Functional Gap at Sealing Elements
The functional gap of a tandem DGS is the gap between the balancing sleeve and the support ring of the dynamic secondary seal. To prevent the sealing element material from extruding, the functional gap is designed to be as small as possible. Free movement must be ensured under all operating conditions. The functional gap’s design must be no more than a few hundredths of a millimeter. This is a challenge to manufacture because the variation of the gap height may be influenced by the temperature and pressure. This influence must be minimized. To achieve this, extensive finite element calculations were carried out by the seal manufacturer before finalizing the design.
Stability Under High Forces
At ultrahigh pressure levels, tremendous forces caused by the pneumatic load act on the seal in the radial and axial directions. To ensure maximum seal stability at such high loads, the cross sections of the metal sleeves in the seal cartridge have to be larger than those operating at lower pressure. At the lower pressure, a single sleeve is used, which is assembled above the shaft sleeve. If only one sleeve was used for an ultrahigh-pressure DGS, the relatively small cross sections would be too weak to handle the high axial load. Instead, the sleeves were split to ensure maximum stability of the DGS under ultrahigh pressure.
Material Selection for Ultrahigh Pressures
These extreme mechanical loads at ultrahigh pressure—such as the intense torque at startup when the seal faces are still in contact—require that special emphasis be given to the selection of the materials of construction, including the mechanical properties of the seal faces. The seal manufacturer’s experience with hard-to-hard material combinations of seal faces played a significant role in achieving the optimal compromise between gas leakage reduction and torque at startup. A special fluid-phase sintered silicon carbide material was chosen to ensure maximum the seal face strength and at the same time maintain optimum thermal conductivity. Also, at full load, the power produced mainly in the seal gap is in the range of 25 kilowatts because of the sharing action of the high-density gas.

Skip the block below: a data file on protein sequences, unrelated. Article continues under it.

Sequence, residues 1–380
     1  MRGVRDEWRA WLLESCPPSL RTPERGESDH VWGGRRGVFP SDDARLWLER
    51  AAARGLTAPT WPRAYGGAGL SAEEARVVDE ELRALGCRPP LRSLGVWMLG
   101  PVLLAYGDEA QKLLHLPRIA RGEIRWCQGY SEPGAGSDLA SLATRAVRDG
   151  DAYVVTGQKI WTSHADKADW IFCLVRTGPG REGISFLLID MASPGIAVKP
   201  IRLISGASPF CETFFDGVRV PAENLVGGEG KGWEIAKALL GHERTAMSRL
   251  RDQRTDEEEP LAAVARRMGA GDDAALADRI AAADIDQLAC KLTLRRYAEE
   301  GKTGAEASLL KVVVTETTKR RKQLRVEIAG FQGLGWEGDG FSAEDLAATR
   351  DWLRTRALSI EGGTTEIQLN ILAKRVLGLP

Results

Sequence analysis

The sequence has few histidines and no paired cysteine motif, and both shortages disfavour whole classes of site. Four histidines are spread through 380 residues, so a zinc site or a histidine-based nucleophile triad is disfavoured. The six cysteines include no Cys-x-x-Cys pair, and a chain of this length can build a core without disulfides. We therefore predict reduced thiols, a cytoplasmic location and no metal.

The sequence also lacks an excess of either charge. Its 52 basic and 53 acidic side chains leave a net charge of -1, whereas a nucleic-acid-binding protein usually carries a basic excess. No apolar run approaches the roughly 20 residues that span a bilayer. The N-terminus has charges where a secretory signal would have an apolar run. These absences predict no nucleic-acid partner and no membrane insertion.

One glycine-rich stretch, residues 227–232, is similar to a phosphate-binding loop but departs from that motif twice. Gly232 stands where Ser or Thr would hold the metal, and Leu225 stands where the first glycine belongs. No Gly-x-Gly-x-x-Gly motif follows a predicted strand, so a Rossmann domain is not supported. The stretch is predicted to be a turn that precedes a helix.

The seal design and material choice are such that this tremendous amount of power is easily dissipated into the surrounding gas and metal parts. Notable advances in re-injection technology have occurred since 2000 as new fields have been brought into production in Oman; in the Caspian Sea; and most recently, in Brazil’s offshore, pre-salt fields. This activity has spurred the development of ultrahigh-pressure derivatives of DGS used widely in petroleum operations. Progressively, these DGS’s design pressures have been increased with refinements to existing DGS design and materials without compromising operational reliability and integrity. For example, the sour gas (natural gas with high levels of hydrogen sulfide—H2S) content of the Caspian oil fields presented a more challenging environment for compressor and seal integrity. The design and material of construction had to compensate for this aggressive and corrosive component. The Tengiz and Kashagan fields have 23 percent and 17 percent H2S content respectively. In 2005, a seal manufacturer undertook research at the invitation of GE Oil & Gas to develop a new ultrahigh-pressure DGS for gas re-injection. The result was a seal with a static design pressure of 425 bar (6,163 psi) and maximum shaft speed of 12,373 rpm for the Caspian projects, milestones surpassed by the seal. Any high-performance seal design must balance multiple objectives to achieve the best overall outcome. In the case of the seal, extensive testing by the seal and compressor manufacturer demonstrated that the seal delivered high reliability in common startup/shutdown scenarios and during continuous operations at full load, assuring compressor integrity with minimal controlled leakage despite the great pressure experienced by the equipment. Development will not stop there. Research continues to focus on enhancements for re-injection operations at even higher pressure—up to 550 bar (7,975 psi)—while ensuring optimum safety and reliability.